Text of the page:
King’s reference to the Wizard of Oz is definitely a postmodern joke just as much as all the others mentioned at the beginning of this review. But in Wizard and Glass, a distinction seems to emerge: there’s postmodern despair and ironic in-jokes (which King doesn’t seem to like) and postmodern meta-fictional references, which King uses to show two things: how even the most ‘symbolic’ fiction can become real if we allow ourselves to see it that way, and how he’s not creating a multiverse, but merely explaining the multiverse that is literature—the mini-worlds created one book, one chapter, one word at a time.

Missives from the Tower:

• When I was re-reading the series for these reviews, I dog-eared pages that had quotes or situations that I wanted to address. In this entire book, all 672 pages, I only dog-eared one page. It’s not a bad book, it’s just not the best in the series. It drags. And Blaine is so annoying that I can’t bring myself to say much more about it.

The Waste Lands was published in 1991; Wizard and Glass in 1997. The last three books of the series are when things really start to come to a head: the next book, Wolves of the Calla, was published in 2003. So Wizard and Glass (and maybe The Waste Lands, too) feels like a one-off, different in tone and message from the rest of the series and not part of any huge narrative arc. It’s an in-between book.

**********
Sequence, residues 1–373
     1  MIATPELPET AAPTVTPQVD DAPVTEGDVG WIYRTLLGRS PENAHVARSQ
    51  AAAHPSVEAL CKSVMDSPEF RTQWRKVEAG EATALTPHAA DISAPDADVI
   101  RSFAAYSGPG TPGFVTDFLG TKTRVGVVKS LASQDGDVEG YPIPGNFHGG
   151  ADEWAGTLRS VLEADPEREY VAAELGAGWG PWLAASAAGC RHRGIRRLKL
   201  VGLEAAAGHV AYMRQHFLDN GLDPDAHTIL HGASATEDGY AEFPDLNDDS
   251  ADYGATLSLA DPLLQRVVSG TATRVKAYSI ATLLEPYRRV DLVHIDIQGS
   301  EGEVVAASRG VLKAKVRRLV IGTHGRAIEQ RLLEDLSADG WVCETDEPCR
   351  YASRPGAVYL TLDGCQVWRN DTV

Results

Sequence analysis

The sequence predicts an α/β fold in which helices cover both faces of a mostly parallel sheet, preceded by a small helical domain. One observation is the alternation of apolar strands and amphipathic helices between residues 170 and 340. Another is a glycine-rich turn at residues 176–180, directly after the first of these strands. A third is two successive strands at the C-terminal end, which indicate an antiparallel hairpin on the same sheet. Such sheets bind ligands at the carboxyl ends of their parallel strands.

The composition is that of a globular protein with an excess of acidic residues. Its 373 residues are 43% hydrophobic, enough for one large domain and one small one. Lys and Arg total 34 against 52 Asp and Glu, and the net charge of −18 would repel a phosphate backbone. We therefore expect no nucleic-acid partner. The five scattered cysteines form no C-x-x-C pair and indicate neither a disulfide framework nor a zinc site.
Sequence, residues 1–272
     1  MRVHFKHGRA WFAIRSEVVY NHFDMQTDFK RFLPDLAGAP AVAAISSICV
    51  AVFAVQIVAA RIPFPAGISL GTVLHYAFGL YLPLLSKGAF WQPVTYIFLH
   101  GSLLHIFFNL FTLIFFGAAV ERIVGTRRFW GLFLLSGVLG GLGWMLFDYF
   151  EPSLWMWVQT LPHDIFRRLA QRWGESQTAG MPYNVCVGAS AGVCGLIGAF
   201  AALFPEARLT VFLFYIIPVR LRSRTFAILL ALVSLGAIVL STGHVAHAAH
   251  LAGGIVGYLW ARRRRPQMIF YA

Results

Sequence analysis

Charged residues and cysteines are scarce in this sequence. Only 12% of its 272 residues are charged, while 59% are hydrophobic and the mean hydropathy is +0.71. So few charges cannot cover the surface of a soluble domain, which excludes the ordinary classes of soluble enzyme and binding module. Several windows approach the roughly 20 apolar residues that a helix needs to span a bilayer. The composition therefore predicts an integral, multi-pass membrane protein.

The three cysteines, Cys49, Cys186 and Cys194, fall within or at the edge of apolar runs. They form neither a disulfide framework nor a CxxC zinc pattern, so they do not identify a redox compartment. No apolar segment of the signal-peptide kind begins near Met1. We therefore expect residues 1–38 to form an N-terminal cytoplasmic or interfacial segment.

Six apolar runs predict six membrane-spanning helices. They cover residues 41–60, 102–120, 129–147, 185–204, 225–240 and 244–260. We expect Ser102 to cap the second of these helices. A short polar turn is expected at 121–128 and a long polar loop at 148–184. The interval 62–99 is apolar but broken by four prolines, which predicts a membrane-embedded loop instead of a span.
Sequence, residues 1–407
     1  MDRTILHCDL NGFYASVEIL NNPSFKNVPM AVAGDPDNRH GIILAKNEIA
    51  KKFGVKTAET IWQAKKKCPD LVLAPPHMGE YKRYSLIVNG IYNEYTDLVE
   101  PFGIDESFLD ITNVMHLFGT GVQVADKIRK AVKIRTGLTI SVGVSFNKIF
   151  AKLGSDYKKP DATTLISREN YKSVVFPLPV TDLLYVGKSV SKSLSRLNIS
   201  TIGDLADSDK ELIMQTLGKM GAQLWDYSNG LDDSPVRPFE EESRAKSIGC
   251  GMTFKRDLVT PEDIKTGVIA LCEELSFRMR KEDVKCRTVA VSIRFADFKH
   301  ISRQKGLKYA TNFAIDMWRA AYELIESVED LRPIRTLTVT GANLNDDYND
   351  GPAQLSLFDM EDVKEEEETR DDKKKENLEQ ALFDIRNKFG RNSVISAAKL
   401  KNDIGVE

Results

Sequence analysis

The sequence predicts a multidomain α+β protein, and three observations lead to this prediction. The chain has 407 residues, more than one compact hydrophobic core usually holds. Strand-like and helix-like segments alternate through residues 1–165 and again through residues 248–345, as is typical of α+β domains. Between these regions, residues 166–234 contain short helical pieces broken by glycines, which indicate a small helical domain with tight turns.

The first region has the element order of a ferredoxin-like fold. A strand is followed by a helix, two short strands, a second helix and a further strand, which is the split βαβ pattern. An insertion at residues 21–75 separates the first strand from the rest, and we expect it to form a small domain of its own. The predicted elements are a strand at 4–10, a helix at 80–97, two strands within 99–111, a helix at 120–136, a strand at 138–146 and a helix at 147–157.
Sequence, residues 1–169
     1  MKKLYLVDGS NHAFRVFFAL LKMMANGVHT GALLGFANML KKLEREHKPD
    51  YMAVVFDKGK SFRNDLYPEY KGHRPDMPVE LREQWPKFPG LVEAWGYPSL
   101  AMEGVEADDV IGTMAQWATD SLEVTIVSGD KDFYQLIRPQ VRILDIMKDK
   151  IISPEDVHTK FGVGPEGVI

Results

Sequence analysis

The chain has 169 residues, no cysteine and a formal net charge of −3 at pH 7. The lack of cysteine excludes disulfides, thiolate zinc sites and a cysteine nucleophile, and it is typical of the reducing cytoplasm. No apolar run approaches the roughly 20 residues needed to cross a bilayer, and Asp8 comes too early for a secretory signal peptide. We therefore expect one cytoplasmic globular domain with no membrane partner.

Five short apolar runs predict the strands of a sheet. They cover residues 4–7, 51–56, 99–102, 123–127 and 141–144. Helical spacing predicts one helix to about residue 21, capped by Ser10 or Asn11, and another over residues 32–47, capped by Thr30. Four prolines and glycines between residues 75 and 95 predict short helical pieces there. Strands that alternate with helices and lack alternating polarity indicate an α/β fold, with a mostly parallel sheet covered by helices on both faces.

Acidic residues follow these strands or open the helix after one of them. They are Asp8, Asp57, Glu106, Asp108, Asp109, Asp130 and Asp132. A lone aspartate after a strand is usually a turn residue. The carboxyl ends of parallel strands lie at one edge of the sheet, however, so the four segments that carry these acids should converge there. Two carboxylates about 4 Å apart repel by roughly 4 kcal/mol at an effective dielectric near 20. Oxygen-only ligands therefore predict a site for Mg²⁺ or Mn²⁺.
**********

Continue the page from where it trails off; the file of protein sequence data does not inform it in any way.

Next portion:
• More about the events of Roland’s childhood can be found in the Dark Tower comics. From what I understand, the first comic re-tells the events of Wizard and Glass.

• The quote at the top of this review is from Eliot’s 'The Wasteland.'

Josie Kafka is a full-time cat servant and part-time rogue demon hunter. (What's a rogue demon?)

7 comments:

CesarGM said...

Great review, Josie!

After a long hiatus I finally finished this book, and though I thought the flashback part of it should have been compressed (a lot), the 'stand/oz' part was very good. (I actually laughed out loud when they had to click Oy's heels to enter the castle.. :p)